FIG. 3 is a schematic, sectional view of bone denuder 204. In the illustrated embodiment, tissue separator 206 includes a cap 302, an exterior casing 304, an impeller 306, a shaft 308, and a cutting drum 310. During use, cap 302 is secured to the casing 304 and impeller 306 is positioned within cutting drum 310. In other embodiments, cap 302 can be excluded. For example, exterior casing 304 can be formed of a split clam-shell design or simply a tubular design with openings for which harvested tissue samples pass through tissue separator 206 from a first open end to a second open end. Shaft 308 is coupled to power source 210 through coupling 208. Impeller 306 is coupled to shaft 308 in order to rotate therewith. As discussed above, impeller 306 and shaft 308 can be oriented in a generally vertical orientation (as illustrated) or in a generally horizontal orientation as desired. As impeller 306 rotates, tissue samples are pushed against cutting drum 310 in order to remove non-bone tissue from the bone. In one embodiment, impeller 306 and shaft 308 are offset with respect to cutting drum 310 such that a central axis 312 shared by impeller 306 and shaft 308 is laterally displaced from a central axis 314 of drum 310. That is to say, impeller 306 and shaft 308 are eccentrically located with regards to cutting drum 310. As a result, there exists a non-uniform positioning between edges of the impeller 306 and cutting drum 310, as explained below.

Impeller 306 includes a first blade 316 and a second blade 318 extending radially from a hub 320 toward an interior cutting surface 322 of cutting drum 310. In alternative embodiments, impeller 306 includes only a single blade. First blade 316 includes a blade edge 324 and a second blade 318 includes a blade edge 326. Illustratively, first blade 316 and second blade 318 are of similar length and blade edges 324 and 326 extend substantially parallel to cutting surface 322. Due to the eccentric relationship between impeller 306 and drum 310, a non-uniform positioning between blade edges 324, 326 and the cutting surface 322 is established. The non-uniform positioning can be described with respect to a first minimum distance 330 from cutting surface 322 to blade edge 324 that is less than a second minimum distance 332 from cutting surface 322 to blade edge 326.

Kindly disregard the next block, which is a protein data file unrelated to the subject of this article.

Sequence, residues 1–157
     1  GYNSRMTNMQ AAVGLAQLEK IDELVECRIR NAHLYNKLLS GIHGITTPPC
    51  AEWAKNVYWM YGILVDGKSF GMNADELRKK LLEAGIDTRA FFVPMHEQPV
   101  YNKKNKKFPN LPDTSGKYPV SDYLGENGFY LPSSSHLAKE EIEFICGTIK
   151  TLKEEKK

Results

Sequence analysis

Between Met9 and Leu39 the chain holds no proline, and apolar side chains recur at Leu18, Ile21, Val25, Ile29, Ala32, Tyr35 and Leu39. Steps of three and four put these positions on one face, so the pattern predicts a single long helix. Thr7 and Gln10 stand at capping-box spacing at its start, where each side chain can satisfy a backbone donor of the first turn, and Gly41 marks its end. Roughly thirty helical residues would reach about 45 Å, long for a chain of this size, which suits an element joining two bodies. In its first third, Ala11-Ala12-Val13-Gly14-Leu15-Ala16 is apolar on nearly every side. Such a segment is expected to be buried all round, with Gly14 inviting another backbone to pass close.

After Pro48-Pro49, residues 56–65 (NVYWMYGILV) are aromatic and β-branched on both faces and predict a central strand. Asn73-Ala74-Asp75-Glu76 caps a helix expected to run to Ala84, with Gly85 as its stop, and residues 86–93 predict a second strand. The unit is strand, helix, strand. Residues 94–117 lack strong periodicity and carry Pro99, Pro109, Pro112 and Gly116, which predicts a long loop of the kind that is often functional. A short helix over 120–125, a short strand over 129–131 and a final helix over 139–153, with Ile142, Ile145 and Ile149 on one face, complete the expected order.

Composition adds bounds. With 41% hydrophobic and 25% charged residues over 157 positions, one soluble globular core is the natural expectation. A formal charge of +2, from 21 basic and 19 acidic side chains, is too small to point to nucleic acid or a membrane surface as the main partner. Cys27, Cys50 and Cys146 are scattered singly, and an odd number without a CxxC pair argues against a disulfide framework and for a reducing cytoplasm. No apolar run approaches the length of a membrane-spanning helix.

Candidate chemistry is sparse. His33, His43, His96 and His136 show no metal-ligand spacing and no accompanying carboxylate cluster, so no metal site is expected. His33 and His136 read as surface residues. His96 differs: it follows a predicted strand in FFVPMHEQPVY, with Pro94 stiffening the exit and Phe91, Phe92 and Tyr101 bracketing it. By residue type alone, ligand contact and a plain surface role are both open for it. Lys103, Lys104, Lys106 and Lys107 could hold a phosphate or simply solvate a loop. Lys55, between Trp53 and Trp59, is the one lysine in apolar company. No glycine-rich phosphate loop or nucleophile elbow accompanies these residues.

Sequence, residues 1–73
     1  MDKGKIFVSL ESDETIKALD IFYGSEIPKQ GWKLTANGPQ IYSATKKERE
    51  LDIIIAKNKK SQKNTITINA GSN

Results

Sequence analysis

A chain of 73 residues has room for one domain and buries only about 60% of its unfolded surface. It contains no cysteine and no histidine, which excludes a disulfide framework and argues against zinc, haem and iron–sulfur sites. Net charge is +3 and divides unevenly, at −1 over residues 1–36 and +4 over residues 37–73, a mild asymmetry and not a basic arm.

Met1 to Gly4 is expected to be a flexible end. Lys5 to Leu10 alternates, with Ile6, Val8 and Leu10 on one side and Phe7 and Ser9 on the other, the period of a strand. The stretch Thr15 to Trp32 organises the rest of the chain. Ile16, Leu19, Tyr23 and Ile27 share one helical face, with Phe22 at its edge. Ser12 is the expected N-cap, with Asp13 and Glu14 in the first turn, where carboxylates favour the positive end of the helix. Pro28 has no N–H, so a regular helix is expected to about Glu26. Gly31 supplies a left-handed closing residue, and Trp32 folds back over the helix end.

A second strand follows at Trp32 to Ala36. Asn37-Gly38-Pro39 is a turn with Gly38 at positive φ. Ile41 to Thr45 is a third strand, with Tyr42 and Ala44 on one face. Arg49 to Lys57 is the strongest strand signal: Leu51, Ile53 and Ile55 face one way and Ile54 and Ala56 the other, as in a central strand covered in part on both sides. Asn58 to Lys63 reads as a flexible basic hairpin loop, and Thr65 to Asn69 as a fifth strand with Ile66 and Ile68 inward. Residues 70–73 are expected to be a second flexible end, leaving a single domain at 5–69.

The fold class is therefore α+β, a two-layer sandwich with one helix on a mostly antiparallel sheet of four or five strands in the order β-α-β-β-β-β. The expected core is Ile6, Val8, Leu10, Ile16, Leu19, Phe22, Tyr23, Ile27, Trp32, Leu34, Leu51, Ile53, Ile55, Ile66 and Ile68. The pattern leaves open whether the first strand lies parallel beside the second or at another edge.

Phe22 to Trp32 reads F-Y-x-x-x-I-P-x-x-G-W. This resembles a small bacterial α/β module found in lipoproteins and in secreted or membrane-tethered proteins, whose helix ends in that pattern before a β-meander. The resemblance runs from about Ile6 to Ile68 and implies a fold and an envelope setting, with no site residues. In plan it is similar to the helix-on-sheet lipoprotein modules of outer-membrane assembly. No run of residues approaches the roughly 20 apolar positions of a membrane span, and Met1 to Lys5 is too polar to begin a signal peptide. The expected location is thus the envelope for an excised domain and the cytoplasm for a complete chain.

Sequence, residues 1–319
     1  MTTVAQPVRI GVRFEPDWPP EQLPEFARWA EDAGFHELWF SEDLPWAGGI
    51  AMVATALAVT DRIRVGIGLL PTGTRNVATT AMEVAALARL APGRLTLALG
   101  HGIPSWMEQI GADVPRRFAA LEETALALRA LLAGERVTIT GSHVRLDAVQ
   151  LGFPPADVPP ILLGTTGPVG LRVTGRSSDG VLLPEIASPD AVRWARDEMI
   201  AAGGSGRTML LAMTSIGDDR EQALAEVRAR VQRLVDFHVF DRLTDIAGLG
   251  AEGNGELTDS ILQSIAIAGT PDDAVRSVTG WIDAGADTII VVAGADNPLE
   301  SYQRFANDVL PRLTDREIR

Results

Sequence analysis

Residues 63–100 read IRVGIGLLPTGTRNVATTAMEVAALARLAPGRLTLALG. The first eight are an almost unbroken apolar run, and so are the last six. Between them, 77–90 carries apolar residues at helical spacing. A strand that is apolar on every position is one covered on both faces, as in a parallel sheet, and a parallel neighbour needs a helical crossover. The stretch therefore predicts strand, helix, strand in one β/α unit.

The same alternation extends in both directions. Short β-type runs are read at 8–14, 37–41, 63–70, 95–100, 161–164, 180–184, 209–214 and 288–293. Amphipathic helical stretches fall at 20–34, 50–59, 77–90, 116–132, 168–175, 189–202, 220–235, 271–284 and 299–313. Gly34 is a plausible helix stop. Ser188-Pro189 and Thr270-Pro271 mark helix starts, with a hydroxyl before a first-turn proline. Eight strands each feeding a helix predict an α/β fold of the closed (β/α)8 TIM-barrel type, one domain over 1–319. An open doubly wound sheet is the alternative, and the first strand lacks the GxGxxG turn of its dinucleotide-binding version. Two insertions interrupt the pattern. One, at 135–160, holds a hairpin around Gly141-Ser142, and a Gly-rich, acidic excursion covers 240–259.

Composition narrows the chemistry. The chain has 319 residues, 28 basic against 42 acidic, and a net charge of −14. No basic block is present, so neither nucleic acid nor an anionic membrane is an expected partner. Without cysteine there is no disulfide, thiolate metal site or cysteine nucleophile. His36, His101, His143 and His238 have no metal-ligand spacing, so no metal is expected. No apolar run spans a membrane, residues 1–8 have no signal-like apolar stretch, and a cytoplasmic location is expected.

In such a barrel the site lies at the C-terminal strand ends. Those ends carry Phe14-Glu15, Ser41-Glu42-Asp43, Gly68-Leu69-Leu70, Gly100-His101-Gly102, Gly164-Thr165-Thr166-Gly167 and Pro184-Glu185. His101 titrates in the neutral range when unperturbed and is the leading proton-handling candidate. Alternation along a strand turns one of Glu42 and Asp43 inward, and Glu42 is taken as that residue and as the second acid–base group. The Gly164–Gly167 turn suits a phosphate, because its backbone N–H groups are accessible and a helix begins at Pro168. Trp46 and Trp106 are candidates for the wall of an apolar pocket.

As impeller 306 rotates about shaft 308, the distance between blade edges 324, 326 and cutting surface 322 changes based on the eccentric relationship between impeller 306 and cutting drum 310. Other blade edges of the impeller are positioned at distances between distance 330 and distance 332 depending on the respective radial position of the blade edge. Upon a 180 rotation of impeller 306, blade edge 324 will be positioned at distance 332 from surface 322 whereas blade edge 326 will be positioned at distance 330 from surface 322. In one embodiment, distance 330 is substantially zero such that blade edge 324 is in close proximity to or contacting surface 322. Put another way, blade strain and/or interference between blades of impeller 306 and cutting drum 310 vary with angular displacement of impeller 306.